Pictish carvings at the Museum of Orkney, including an eagle, mirror and more abstract symbols


It was farewell to the Northern Isles late that evening as I caught the overnight ferry back to Aberdeen. I had a wonderful time here, got even more survey data than I expected and the weather has been (mostly) absolutely fantastic (apparently it’s been more sunny than Cornwall this July!). I’m looking forward to heading back up next month for the ‘Our Islands, Our Past’ conference being held by the Archaeology Institute at the University of the Highlands and Islands.


Surveying Swandro excavations and the archaeology of Rousay

Surveying Swandro excavations and the archaeology of Rousay

Last Monday we arrived late into Kirkwall, so had an overnight stop before heading across to the island of Rousay on the local ferry. The site was abuzz with media coverage from the exciting news of a Roman coin being discovered in a trench over the weekend (only the fourth ever found in Orkney). Here’s the BBC article (click).

Over two days me and Andy helped to scan the newly revealed contexts inside the trenches as well as wide-ranging contextual laser scans of the complete site at Swandro, with its Neolithic chambered tomb, Iron Age roundhouses and Pictish buildings. The stony shore made for some interesting stability challenges in finding secure places for tripod legs! Our latest scans are important as they are a record of the present condition of the site. The Knowe of Swandro is greatly under threat of coastal erosion, which is why the Swandro – Orkney Coastal Archaeology Trust are excavating and recording the site before it is completely claimed by the sea. Their great website has a daily blog as the season continues:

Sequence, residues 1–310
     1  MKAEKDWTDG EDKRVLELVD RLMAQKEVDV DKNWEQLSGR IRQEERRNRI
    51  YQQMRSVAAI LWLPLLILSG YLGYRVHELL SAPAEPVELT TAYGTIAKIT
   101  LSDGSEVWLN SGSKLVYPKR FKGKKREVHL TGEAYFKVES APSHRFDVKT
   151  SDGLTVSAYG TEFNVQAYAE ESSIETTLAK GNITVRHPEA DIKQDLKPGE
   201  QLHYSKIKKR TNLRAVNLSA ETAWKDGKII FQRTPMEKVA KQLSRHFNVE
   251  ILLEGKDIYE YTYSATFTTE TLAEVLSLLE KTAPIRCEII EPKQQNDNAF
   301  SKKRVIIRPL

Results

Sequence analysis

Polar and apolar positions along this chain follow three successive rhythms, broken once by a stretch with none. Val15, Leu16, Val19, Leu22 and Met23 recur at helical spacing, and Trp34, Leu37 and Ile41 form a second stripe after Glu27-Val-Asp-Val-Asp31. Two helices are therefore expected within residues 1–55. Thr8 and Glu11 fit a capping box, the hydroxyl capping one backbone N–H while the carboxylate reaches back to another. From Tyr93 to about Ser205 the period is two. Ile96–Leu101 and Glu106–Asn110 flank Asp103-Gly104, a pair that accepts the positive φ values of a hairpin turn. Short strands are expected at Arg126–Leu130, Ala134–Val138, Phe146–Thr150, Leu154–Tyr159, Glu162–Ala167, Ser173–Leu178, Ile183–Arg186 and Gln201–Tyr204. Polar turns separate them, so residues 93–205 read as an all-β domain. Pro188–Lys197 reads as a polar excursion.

transporting the anvil
On Wednesday this stone anvil was lifted from Structure 3. The Bradford Visualisation trolley makes a good lithics transporting device! Julie looks pleased!


It will be very interesting to examine the extent of erosion over the last few years by comparing this season’s scans to those of previous years (many thanks to Mark Littlewood for sharing his previous scans at Swandro with me).


scanning from photo platform
Setting up a long range scan from the top of the photography platform at Swandro


Even though we were rained off site on Thursday, me and Andy made a determined attempt to see a lot of the archaeology of the island up close, only after we were finally torn away from the lovely local arts and crafts (and ice cream) sold at The Craft Hub. I’m now the proud owner of a locally made “Rousay” souvenir mug complete with Viking longship!

In the afternoon we drove around the island and walked along the Westness coast, stopping by Midhowe Chambered Cairn – a monumentally-sized Neolithic cairn that is now housed inside a protective structure. There is a walkway directly over the exposed interior, which is quite an experience. I recommend stout boots with good grip walking down there from the car park – it’s quite steep and slippery! Very close by is Midhowe Broch, which is very well-preserved and in a dramatic setting between two steep-sided creeks right along the coast. The buttresses are a very quirky feature of the broch. They had to be added soon after construction as the walls began to slump. Unfortunately the weather meant it wasn’t possible to take many recording shots of the site, but it is very unusual as huge stone slabs had been installed at a later date within the broch, to form partitions.

We walked past the Skaill excavations being run by the University of the Highlands and Islands and the site of ruined farm buildings, a Norse hall and burial site, before heading down the road to Blackhammer Cairn and Taversoe Tuick Cairn, both of which date to the Neolithic period. The latter is really unusual as it has two storeys!

I’ll post photos when I can take them off my camera.